#5 Jack Blum: the Senate
#4 Jack Blum: Foundations
#6 Jack Blum: redlining
The Corruption Diaries is a journey through the eyes of anti-corruption veterans. Unique perspectives on combating one of the most compelling ethical challenges of our time.
Jack Blum is one of the United States’ leading white-collar crime lawyers. He’s specialised in investigating money laundering, financial crime and international tax abuse. We follow Jack Blum’s career from a small town in the United States to Senate staff attorney, the United Nations, and the frontline of the battle against tax abuse and corruption.
Music is by Blue Dot Sessions under a Creative Commons CC BY-NC licence.

Naomi Fowler: This is the Corruption Diaries from the Tax Justice Network. I’m Naomi Fowler.

Jack Blum ended up working for the Senate Antitrust Sub-Committee, where he went on to do a lot of the work he’s most known for. But he didn’t go straight there. It’s now the mid-1960s, and after going through college or university, his stint as a reporter, and finishing law school, Jack was figuring out how institutions work, the importance of personal relationships and other organisational dynamics.

Jack Blum: I interviewed in my senior year with the New York County District Attorney’s Office. That was a big deal. Getting a job with that office was a big deal. I went for several rounds of interviews and then finally was called and told I was going to have an interview with the big man himself, and that was Hogan, who was then the District Attorney. And I got called down there and I went on a winter day, and, I just, a number of things happened. First, the smell of the building. To be blunt, it smelled like somebody had peed on every radiator in the place. And then I was told that if I accepted the offer my pay would be 4,500 dollars a year, and I was required to live in Manhattan. Now, even then, the year is 1965, even then, that was impossible, you know, I could pitch a tent in Central Park and maybe make it. And when I put together the general ambience of the office and all of the other conditions surrounding that, I must say that I, I told him, forget about it, I can’t do this. And I wound up taking a job with the Federal Communications Commission.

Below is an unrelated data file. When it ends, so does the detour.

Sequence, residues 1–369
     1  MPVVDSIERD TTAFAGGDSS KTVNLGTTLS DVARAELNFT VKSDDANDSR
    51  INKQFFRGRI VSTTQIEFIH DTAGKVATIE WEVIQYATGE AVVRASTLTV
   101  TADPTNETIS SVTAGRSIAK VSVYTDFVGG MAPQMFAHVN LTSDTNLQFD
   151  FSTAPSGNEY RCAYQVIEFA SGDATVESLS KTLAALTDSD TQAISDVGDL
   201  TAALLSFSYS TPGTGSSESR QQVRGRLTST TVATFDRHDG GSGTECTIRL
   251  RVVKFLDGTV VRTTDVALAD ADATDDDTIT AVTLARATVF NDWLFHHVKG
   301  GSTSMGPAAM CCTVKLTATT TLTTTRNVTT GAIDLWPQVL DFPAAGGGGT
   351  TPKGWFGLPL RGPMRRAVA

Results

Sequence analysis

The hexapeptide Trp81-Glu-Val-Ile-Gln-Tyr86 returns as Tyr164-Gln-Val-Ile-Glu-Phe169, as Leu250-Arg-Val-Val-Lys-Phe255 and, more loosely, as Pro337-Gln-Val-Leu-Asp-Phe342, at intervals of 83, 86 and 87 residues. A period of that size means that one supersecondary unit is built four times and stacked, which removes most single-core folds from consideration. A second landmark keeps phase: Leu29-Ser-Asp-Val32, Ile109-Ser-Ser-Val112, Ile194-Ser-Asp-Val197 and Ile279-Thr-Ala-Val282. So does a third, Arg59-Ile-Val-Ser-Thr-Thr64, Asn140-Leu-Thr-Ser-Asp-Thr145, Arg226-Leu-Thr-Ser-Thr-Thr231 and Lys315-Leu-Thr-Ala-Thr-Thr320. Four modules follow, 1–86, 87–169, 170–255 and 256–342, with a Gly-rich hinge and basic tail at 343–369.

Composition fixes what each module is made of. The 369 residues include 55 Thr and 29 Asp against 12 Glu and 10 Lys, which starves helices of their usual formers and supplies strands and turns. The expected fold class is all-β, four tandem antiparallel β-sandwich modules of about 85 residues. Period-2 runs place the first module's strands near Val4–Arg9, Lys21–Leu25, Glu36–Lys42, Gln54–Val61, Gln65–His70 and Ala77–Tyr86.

I was assigned to the Broadcast Bureau at the FCC, and started working on station license renewals. I quickly figured out that this was an insane asylum for a number of reasons. They had no library of their own opinions. There was no publication of prior opinions. And when lawyers were working on these cases they had to get the printed copies that had been released from the law firms that were doing the applications. Scandalous to me that you’d go to the lawyers who were on the other side to get your basic legal stuff. Then I was put in charge of interface – this was when the Broadcast Bureau and the Commission were going to go digital, and they’d gotten this large computer, and I was supposed to be the one to work with the computer people to make it work with the Broadcast Bureau. And what I found was that they were basically using this very large, expensive computer as an electric typewriter. Right?! Something which I found nothing short of fantastic. Well, as time went on, I got really upset about it, and I was then in touch with people at the law school and they said, oh yeah, you ought to talk to Lee Levenger, who was then a member of the commission, and tell him what’s going on, because you know, the word doesn’t get from the bottom to the top very easily. So I did. I said it was outrageous, the Commission ought to have its own library, it ought to publish its own opinions, it ought to, you know, not throw its money away there. And by the way, as a consequence of all of this, everything is always routinely renewed without anybody asking any questions. And, and that’s not good for anybody. Well, unbeknownst to me, Levenger was a pal of Drew Pearson’s, the great sort of muckraker and fact digger and all the rest, and Levenger gave him all of the detail about what was going on in the Commission, quoting me without telling me that this was gonna happen. And I was in Los Angeles, staying at some pretty crummy motel while we were trying to dig up more on the whole television industry and everything to get ready for hearings. And the switchboard at this motel just collapsed with these phone calls because it turns out that Pearson runs the column quoting me through Levenger. And the Chairman of the Commission who had been appointed by Kennedy, very well known, I’ve forgotten his name now. But he was one of those glamorous figures of the Kennedy administration. And he’s like going nuts because he’s been made a fool of. So, we decided the best solution all around was I no longer worked for the Commission, I now worked officially for the Senate, and that was that.